Stuart Neal, The Grinning Man
Dominic Tighe, She Loves Me
Gary Tushaw, Ragtime

8-10
Peter Caulfield, Jesus Christ Superstar; Michael Esper, Lazarus; Thomas Howes, The Wind in the Willows

Review: Sweet Charity, Royal Exchange


“Life will be frozen peaches and cream”

 
I’ve seen a couple of comments questioning whether Sweet Charity is an appropriate choice for the Royal Exchange’s festive musical – I assume they avoided last year’s Into the Woods and the year before’s Little Shop of Horrors, neither show hardly known for their jazz hands and perma-smiles. For the joy of great musical theatre, of any theatre, is when it can find shades of darkness and light in its storytelling, finding a way to reflect the richness of life in its downs as well as its ups.

Director Derek Bond (whose Little Shop… remains a stunning high point) acknowledges all of the problems inherent in Neil Simon, Cy Coleman and Dorothy Fields’ tale of a dancer, the titular Charity Hope Valentine, and her repeated, desperate lack of luck in her romantic life and through his interpretation and the directness of Aletta Collins’ choreography, also takes it seriously. Anchored by a properly star-making and heart-breaking performance from Kaisa Hammarlund, it just works. Continue reading “Review: Sweet Charity, Royal Exchange”

Review: As You Like It, Shakespeare’s Globe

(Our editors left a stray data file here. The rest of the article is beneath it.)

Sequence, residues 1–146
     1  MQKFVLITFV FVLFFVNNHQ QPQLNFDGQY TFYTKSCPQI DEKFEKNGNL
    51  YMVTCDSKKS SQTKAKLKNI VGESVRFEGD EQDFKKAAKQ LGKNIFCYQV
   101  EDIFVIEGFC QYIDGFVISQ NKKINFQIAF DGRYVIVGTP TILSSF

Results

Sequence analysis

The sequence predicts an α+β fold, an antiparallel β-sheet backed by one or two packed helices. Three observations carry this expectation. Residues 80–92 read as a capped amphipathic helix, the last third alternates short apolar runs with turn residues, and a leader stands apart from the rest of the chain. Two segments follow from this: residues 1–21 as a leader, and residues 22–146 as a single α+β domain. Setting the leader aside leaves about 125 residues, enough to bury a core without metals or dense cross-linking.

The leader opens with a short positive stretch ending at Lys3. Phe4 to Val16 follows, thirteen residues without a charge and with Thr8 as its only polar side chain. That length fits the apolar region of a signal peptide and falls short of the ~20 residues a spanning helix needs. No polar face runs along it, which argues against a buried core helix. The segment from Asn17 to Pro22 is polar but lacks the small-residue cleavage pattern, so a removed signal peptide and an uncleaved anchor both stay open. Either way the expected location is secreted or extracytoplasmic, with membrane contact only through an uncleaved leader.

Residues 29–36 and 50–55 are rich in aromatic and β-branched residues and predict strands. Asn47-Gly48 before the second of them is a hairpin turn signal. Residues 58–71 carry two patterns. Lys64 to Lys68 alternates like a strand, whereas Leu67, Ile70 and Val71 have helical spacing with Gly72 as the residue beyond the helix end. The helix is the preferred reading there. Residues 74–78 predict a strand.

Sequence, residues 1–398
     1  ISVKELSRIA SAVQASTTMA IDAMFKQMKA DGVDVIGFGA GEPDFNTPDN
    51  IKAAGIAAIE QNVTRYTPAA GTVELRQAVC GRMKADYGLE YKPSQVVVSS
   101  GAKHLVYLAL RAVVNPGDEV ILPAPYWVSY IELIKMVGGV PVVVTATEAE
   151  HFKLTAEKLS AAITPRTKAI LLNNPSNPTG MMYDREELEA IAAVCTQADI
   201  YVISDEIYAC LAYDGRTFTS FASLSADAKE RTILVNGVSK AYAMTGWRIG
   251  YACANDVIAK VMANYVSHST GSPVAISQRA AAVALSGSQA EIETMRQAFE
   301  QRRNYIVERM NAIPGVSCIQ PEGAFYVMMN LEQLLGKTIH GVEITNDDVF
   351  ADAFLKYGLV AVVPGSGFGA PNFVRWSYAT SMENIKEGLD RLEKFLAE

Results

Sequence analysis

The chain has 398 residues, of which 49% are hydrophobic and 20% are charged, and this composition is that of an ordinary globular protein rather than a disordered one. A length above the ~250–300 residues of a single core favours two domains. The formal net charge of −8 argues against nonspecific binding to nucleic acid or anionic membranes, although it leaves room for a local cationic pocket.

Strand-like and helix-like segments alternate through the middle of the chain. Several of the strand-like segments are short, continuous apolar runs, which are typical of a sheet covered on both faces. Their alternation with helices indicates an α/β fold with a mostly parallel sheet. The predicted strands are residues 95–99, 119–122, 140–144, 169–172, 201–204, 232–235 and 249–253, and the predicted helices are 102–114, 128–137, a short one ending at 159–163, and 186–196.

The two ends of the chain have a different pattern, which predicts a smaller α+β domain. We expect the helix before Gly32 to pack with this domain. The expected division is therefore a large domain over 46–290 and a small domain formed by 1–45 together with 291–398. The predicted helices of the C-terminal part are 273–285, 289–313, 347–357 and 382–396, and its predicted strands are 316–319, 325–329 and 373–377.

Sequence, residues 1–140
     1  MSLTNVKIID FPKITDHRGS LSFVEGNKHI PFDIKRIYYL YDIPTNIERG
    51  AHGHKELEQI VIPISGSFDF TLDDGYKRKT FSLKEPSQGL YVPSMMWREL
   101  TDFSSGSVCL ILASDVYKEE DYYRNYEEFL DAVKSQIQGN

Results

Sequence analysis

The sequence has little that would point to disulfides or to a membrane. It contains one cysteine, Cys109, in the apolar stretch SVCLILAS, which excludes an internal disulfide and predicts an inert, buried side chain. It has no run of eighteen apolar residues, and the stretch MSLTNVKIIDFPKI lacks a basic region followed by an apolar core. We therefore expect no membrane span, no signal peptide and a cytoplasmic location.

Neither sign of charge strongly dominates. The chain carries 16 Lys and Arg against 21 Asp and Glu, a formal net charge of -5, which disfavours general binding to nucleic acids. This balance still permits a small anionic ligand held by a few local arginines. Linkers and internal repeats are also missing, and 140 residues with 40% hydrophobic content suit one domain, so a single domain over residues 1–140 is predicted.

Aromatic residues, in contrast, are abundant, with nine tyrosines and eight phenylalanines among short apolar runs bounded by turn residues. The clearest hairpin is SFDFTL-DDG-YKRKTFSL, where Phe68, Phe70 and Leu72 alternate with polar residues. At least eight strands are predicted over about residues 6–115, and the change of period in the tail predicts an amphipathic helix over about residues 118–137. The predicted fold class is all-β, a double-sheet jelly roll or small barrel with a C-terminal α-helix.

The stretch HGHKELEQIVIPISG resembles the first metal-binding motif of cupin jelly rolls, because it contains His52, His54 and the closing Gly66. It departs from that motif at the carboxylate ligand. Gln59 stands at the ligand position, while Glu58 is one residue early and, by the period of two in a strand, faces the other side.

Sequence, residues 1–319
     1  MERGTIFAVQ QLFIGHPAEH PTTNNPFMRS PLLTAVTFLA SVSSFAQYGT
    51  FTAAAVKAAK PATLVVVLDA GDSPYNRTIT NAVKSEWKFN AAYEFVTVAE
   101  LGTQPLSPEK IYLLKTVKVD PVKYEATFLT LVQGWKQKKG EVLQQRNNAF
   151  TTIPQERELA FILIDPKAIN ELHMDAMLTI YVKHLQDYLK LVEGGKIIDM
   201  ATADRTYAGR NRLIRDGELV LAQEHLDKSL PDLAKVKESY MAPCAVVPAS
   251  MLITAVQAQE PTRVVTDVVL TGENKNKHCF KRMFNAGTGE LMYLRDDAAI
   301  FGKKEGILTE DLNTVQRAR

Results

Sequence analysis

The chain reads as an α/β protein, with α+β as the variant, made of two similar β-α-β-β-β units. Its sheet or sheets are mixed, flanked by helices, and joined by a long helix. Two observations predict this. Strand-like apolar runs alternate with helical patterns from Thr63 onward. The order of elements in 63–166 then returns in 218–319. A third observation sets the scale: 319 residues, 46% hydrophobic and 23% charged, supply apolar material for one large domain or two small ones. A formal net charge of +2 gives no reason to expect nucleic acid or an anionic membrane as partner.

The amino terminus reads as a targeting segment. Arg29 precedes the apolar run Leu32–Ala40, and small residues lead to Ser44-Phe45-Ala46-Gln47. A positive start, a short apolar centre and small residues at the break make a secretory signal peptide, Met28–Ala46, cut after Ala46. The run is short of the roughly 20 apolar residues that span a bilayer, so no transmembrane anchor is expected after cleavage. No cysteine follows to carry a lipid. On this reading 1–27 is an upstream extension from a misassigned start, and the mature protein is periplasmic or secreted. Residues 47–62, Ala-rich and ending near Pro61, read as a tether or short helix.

“Though I look old…I am strong and lusty”

From the minute Michelle Terry’s Rosalind launches into an actual tizzy at the sight of Orlando’s ripped body (an inordinately but irresistibly muscular Simon Harrison), the warmly joyous spirit of Blanche McIntyre’s As You Like It is never in doubt. The contrasting textures of Shakespeare’s elegant yet complex comedy are well balanced, its musical elements pushed to the forefront with a folkish score from Johnny Flynn but above all, there’s a sense of intelligent fun that delights in taking its time to reveal itself.

Terry has been establishing herself as one of our leading Shakespeareans and this energetic and impulsive take on Rosalind is an absolute privilege to watch. Constantly on the edge of her emotions, she skips from the giddy heights of love at first sight to the crushing pain of banishment in the blink of an eye. And as she explores the nature of love and the heart, her heart in particular, her deftly comedic manner whilst disguised as Ganymede is just glorious, her continual delight at what she is discovering a constant joy.  Continue reading “Review: As You Like It, Shakespeare’s Globe”